Complete Neurological Examination of the Normal Patient
The neurological exam is primarily meant to test the
developed during your history. However, you may have no hypothesis you
want to test with the exam, because you believe the exam will be
you may not have done a history at all, because you are simply doing
the exam as part of a test to show that you indeed do know how to
perform the neurological exam. There is a daunting number of
neurological examination techniques that are occasionally useful, such
ability to smell (CN I), testing abdominal reflexes, testing pectoralis
reflexes, the straight leg raising test for lumbar root irritation,
Kernig's sign, and many more. To test for all possible things
not practical--but which parts of the exam should you do in a normal
person expected to have a normal exam? However, this exam will be useful for much more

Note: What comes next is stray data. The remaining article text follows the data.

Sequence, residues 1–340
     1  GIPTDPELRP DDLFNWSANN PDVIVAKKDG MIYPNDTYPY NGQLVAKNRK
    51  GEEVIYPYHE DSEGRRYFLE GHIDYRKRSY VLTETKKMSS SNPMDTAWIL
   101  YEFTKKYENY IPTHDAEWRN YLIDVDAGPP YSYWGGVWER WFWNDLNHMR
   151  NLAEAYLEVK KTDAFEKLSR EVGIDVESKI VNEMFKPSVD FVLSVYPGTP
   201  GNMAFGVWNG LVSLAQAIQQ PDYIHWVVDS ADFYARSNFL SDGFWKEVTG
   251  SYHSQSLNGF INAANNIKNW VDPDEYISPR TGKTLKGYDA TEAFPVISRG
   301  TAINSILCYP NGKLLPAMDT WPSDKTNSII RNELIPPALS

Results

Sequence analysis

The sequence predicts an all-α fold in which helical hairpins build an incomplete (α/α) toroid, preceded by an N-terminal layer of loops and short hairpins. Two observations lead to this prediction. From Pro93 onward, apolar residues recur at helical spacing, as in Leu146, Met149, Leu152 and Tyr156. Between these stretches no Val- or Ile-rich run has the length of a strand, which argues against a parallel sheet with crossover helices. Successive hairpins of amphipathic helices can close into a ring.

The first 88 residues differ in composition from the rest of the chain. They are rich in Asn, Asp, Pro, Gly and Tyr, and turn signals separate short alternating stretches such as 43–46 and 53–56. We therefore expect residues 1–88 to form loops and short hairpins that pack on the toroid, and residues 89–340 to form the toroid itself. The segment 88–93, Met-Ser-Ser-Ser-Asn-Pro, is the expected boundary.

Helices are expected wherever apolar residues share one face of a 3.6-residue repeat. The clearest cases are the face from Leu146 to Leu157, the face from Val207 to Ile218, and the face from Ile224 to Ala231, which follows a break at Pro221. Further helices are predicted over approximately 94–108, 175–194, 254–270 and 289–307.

than just passing your OSCE. If a
patient's findings are normal on this exam, then you may truthfully say
examiner, or third-party payer "I have done a complete neurological
examination, and the findings were normal." The minimum
recommended Complete Neurological Examination of the Normal Patient is
almost identical to the neurological components of the Head to Toe Screening Examination. When different this is noted and italicized.
If you want information
on more advanced exam
techniques, click here.
Medicare exam requirements are different. If you want more information on the Medicare 1997 Neurological Single System Examination, click here.
neurological exam is the minimum requirement for the SIU MSII
Tests underlined and highlighted in yellow are required. They are the
minimum to demonstrate normal nerve function. Others tests are
often or occasionally useful, but are not always required, and are not